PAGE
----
No one except a scrappy Greek-American CIA agent named Gust Avrakotos.
Avrakotos had spent time in Afghanistan before the Soviet invasion, and had marveled at the Afghans' natural tenacity. Since joining the CIA in 1962, he had spent much of his career carrying out shadowy assignments in turbulent places like Greece, and didn't fit in with the Ivy League types who ran the Agency. By 1984 he was angry and frustrated with the glass ceiling he continued bumping his head on. He had been operating on the Afghan project since 1982, and himself believed that more could be done, but his orders remained the same: Containment, not victory.
So when this crazy Texas congressman started calling blue-blooded CIA directors on the carpet and demanding that they accelerate the Afghan program, Avrakotos was intrigued.
Completely violating protocol, Avrakotos showed up at Wilson's office unannounced, looked him right in the eye, and made him a proposition. Together they would escalate the Afghan program whether the CIA wanted to or not. Avrakotos could take care of slipping items through the bureaucracy, if Wilson could provide the money.
The most shocking part of this tale is how successful the conspiracy was. Over the next five years, the U.S. government would send billions of dollars of aid, ordnance, and logistical support to the mujahideen through Pakistan. They sent mules from Tennessee. They sent Stinger missiles to shoot down the deadly Hinds. They sent medical teams, even going so far as to bring Afghans to Texas hospitals when the field hospitals were full.
From his perches on the Appropriations Committee, the Defense Appropriations Subcommittee, the Intelligence Committee, and even the Ethics Committee, Wilson maneuvered and horse-traded the money into CIA coffers, where Avrakotos wiggled it through loopholes and built the Afghan program into the largest department in the Agency. While scandals rocked the comparatively small Iran-Contra operation, Avrakotos and his team were breaking every rule in the book.
They bought captured
PLO weapons from Israel to give to the mujahideen. They secured massive
donations from Saudi Arabia and Egypt. They even enlisted Communist
China to manufacture ammunition for the Afghans to use against the
Communist Soviets. While Oliver North was testifying before a skeptical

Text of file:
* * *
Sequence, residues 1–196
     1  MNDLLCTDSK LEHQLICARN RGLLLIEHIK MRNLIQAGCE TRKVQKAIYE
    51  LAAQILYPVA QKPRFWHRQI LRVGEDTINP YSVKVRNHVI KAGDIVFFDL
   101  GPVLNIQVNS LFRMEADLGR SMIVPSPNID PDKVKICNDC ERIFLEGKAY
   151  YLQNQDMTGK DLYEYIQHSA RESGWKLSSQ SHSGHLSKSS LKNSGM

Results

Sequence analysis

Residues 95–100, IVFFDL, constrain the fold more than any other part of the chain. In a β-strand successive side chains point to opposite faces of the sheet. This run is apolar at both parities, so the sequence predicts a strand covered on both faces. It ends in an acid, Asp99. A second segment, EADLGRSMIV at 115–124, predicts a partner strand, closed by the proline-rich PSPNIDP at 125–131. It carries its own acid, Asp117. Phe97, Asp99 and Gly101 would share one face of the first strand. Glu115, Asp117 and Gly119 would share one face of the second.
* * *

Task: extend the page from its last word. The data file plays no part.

nation, these men were running roughshod over the rules.
Wilson, who is now retired from Congress but remains on Capitol Hill as a Pakistan lobbyist, has no regrets about the operation. Avrakotos and many others involved in the operation agree, and maintain that the Red Army's defeat in Afghanistan directly led to the collapse of the Soviet Union.
It can never be conclusively proven that the Red Army's humiliating withdrawal from Afghanistan in 1989 hastened the demise of the Soviet Union two years later, but one thing is clear: The campaign launched by Charlie Wilson and Gust Avrakotos was directly responsible for that withdrawal, and put an end to the myth of invincibility that had surrounded the Russian advance for nearly half a century.
But neither Wilson nor Avrakotos were prepared for what would follow this apparent victory. For as the Soviets were retreating, so were the Americans. Satisfied that their job was done, the CIA abruptly curtailed its presence in Afghanistan, leaving the fractious tribes to their own devices. Except now, their own devices included immense caves full of high-tech weaponry.
Few in the U.S. seemed concerned that billions of dollars of equipment and training were now in the hands of extreme Islamic fundamentalists. Worse, no one appreciated that over the course of the war, the CIA had encouraged patron countries such as Saudi Arabia and Egypt to send volunteers to support the mujahideen. Volunteers like Osama bin Laden, who had their own agendas, and who would later help install the brutal Taliban regime.
In addition, the U.S. reliance on Pakistan had forced our government to turn a blind eye to Zia's nuclear program, which was eventually successful, and now makes nonproliferation in Southeast Asia all but moot. Relations with Pakistan's strict military regime continue, due to current needs of our new Afghan campaign.
Add this to the fact that all manner of chemical and biological weapons were being sold to Saddam Hussein by the U.S. during the period of the Afghan War, and the powderkeg of the early 21st century begins to take shape.
Not two years after the end of the Afghan War, ruthless CIA darlings like Gulbiddin Hekmatyar and Ahmad Shah Massoud--picked for support by the U.S. because of their bloodthirsty zeal--were denouncing the United States' interference in Iraq and Saudi Arabia. Hekmatyar and Massoud were committing unspeakable atrocities with U.S. weaponry, even while the puppet regime the Soviets had put in place was talking about democratic reform. Still the U.S. paid lip service to the mujahideen, who eventually took over the country and created a haven for anti-American extremists from around the world.
In Charlie Wilson's War, veteran 60 Minutes producer George Crile documents this history with a zest for great storytelling, illuminating these fascinating characters, for better or worse, and putting events in their context. Simply put, this is a piece of United States history that should not be forgotten. For as Charlie Wilson's War shows us, the enemy of our enemy is not necessarily our friend.